It strikes me, not for the first time whilst reading Vonnegut that writers can be divided into two camps. The ones who have to work to include that smart-arse-clever line/sentence/phrase they jotted down somewhere, sometime and really really need to get in. Who was it who said that the more you like something you’ve written down, the more likely it is that you should take it out? And the ones who, even if what they say hits you with a jolt – and Vonnegut’s lines often do that – they nonetheless fit in. They aren’t forced, they naturally belong just there where the reader sets upon them. There is a hilarious Kilgore Trout story about Einstein trying to get into heaven in Jailbird. He goes through an audit first and then:
He thought no more about the audit. He was a veteran of countless border crossings by then. There had always been senseless questions to answer, empty promises to make, meaningless documents to sign.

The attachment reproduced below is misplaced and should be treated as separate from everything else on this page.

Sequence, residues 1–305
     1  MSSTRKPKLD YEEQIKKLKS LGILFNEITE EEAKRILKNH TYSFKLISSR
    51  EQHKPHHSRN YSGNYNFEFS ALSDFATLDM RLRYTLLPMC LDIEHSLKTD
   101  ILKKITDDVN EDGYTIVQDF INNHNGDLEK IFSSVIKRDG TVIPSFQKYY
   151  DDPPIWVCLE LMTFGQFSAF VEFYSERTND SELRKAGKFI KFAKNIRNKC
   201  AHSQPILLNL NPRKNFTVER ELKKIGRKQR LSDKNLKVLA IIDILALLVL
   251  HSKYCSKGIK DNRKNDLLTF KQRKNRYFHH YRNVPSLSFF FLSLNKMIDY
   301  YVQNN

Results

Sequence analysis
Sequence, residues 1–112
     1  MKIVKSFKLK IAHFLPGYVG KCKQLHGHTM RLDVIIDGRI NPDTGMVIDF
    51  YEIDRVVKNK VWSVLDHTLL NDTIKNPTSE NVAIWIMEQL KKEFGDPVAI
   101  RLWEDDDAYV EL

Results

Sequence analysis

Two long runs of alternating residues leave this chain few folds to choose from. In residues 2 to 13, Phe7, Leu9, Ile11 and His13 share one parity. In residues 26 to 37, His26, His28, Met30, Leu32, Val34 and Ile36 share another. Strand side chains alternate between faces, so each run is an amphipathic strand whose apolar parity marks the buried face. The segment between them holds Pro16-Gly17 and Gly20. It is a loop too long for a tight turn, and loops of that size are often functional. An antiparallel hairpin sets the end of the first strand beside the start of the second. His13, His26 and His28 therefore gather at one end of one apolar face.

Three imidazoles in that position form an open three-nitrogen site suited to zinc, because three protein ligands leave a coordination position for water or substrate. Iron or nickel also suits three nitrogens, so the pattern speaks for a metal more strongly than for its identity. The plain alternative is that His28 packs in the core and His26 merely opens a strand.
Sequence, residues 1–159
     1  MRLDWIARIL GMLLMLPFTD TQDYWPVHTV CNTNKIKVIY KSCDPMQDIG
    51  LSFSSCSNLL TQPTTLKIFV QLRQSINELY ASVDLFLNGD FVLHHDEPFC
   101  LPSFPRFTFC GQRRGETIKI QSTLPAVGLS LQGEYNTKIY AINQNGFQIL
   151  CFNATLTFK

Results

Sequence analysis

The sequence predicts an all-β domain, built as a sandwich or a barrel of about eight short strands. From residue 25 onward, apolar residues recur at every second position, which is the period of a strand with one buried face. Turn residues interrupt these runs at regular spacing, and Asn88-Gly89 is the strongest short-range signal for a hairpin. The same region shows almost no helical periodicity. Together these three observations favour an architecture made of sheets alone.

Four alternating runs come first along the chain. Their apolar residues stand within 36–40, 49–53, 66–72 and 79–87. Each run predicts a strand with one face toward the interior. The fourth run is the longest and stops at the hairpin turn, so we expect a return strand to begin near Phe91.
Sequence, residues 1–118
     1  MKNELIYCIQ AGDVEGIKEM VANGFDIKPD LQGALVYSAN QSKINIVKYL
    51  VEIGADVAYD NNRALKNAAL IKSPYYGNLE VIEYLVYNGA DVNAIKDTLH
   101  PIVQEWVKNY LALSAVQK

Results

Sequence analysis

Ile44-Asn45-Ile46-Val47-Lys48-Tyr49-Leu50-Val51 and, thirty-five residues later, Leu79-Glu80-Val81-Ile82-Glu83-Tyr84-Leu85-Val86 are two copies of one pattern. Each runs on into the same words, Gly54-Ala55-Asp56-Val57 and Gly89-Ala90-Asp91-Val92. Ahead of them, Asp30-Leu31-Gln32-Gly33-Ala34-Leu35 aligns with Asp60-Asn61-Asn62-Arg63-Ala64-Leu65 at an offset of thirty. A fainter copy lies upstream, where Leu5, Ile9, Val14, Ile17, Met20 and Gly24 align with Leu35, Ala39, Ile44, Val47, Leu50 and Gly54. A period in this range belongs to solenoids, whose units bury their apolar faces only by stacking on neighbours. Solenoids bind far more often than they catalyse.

Isn’t this a fantastic way to describe entering heaven? A border crossing, one of many.
When describing an encounter with Nixon:
That smile has always looked to me like a rosebud that had just been smashed by a hammer.
What a line! If somebody ever did a list-of-the-hundred-lines-describing-smiles-you-have-to-read-before-you-die, wouldn’t this be number one? By a mile?
I couldn’t help but associate with the hero’s description of learning French. I learnt French briefly at school in Australia where not only did we as a generality, not care in the least how we pronounced it, but the specificity of my experience was to be taught by a German whose French accent was less than negligible.
‘Bon appetite!’ said the owner. I was thrilled. I had never had anybody say that to me before. I was so pleased to understand something in French without the help of an interpreter. I had studied French for four years in a Cleveland public high school, by the way, but I never found anyone who spoke the dialect I learned out there. It may have been French as it was spoken by Iroquois mercenaries in the French and Indian war.
This is hilarious, stirring and pathetic in equal measure, a bizarre combination of fiction and history which works, though I don’t understand why or how. Far from dating, its relevancy holds strong, an observation of American society as the rich continue to get richer and healthier, the workers poorer and sicker.